Moving Forward

Aug 6, 2008

I have a 10-month-old granddaughter. She just started crawling. What happened in the beginning was interesting to watch. The task at hand was to get her knees up under her and her backside lifted. Watching this was a comedy of errors and a lot of fun. A week or so of this and she gathered enough strength in her hip area to assume the takeoff position.

Sure, at first she’d rock backwards and plump back down on the floor, ever determined to get back up. When she finally was at the point where she was steady on her hands and knees, the first thing that happened was that she went backwards! Like a train that has to roll a little backwards before it can go forward, she’d push back a couple knee-steps and then she’d lurch forward, falling awkwardly flat sometimes with the momentum. Up though she’d get, rock unsteadily, trace a knee-step or two back, and then off she went like a whirling dervish!

There’s a sourcing reason in this grandparent reporting. Sometimes on a sourcing job we have to trace backwards a few steps before we can move forward. And this is never as true as on a job that is giving us a lot of difficulty. The fact of the matter is, a job that is presenting a lot of difficulty may have been set up wrong. What do I mean?

A sourcing job needs to be set up, each and every time, in an organized manner. I set my jobs up in a Word doc using 10-point sized Times New Roman font. I do it the same way for each and every job.

Beginning at the top, I set the Job Number, the Customer’s info, the Job Description, the customer’s specific instructions, the number of names needed, and the geographic requirement. That’s just for starters. After that I set in the target companies. I use Hoover’s to set the following for each company:

  • Company Name
  • Location
  • Phone
  • Fax
  • Website
  • Financial info that Hoover’s offers — # of employees, percentage change in this, last year’s gross sales, percentage change in this, etc.
  • Company Blurb — Hoover’s is very clever at creating a synopsis for a company. Many times this creative wordsmithing they do helps me when I’m on the phone with a Gatekeeper at a particular company. If she asks me what division I want and I haven’t checked beforehand, many times a quick and agile scan through their company bio offers me this information.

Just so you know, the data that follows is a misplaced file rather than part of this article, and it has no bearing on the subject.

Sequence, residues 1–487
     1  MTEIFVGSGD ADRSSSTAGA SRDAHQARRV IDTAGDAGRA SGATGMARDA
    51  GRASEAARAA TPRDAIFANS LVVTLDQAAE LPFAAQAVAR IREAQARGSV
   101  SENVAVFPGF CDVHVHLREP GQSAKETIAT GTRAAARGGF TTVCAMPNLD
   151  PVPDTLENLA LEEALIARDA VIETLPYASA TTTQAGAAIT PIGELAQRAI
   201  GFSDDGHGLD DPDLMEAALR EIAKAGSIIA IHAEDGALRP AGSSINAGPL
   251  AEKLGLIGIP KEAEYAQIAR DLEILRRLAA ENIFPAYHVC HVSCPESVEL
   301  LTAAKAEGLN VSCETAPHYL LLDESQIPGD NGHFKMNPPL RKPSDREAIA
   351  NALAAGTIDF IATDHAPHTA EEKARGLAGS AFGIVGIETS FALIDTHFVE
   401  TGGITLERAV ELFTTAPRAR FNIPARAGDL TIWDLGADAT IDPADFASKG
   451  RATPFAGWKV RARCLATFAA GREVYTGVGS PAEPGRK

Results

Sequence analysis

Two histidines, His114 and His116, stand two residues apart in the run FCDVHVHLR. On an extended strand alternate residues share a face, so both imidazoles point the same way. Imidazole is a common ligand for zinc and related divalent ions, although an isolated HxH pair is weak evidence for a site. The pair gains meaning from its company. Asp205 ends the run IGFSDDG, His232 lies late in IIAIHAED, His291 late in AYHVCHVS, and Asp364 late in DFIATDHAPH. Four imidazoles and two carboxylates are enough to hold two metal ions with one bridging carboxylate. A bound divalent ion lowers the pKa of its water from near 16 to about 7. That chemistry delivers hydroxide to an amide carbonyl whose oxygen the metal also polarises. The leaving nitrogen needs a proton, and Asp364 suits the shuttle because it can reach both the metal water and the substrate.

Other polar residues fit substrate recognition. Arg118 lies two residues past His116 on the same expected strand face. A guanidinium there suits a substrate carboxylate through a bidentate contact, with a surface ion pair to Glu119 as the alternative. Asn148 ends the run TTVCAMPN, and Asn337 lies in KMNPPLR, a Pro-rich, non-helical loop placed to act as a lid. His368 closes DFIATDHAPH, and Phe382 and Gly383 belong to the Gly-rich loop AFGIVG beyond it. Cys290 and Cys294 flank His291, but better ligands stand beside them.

Usually I have a dozen or more companies on a search for 50 or more names, but not always. But if I had to say what an average was, that would be it — 12.

So now I have the job “set up” the way I like it. Next I set out to do the research on each and every target that is so critical for me before I start my phoning. This is where many times searches get into trouble. This part gets skipped over. The sourcer doesn’t give each target enough attention to really understand what it is they’re going to be facing on their calls. What I’m talking about here is gathering a grasp for what lies on the other end of the phone.

How large is the location you’re going to be calling into likely to be? Is it the headquarters of a company or is it a branch location? Branches are generally easier to penetrate as they’re smaller and more quickly grasped. If it’s a headquarters, do you know where within the company the organization you’re after is going to lie?

Do you know what C-level the section you need to get into reports up to? Know this C-level’s name? Hoover’s usually offers it — put it into your job! One of the first things I do when I start phoning is ask who this C-level’s executive assistant is!

Do you know what title the company calls the particular person you’re after? Many times titles differ from company to company and a quick visit to the company’s “jobs” page will likely reveal what they’re calling what you need.

Have you done this company before? On some of my searches, the same Fortune companies appear, time after time. Rarely am I sourcing for the same position within a closely related timeframe, but my previous research notes on that company are always helpful and I place them into my job. Things like: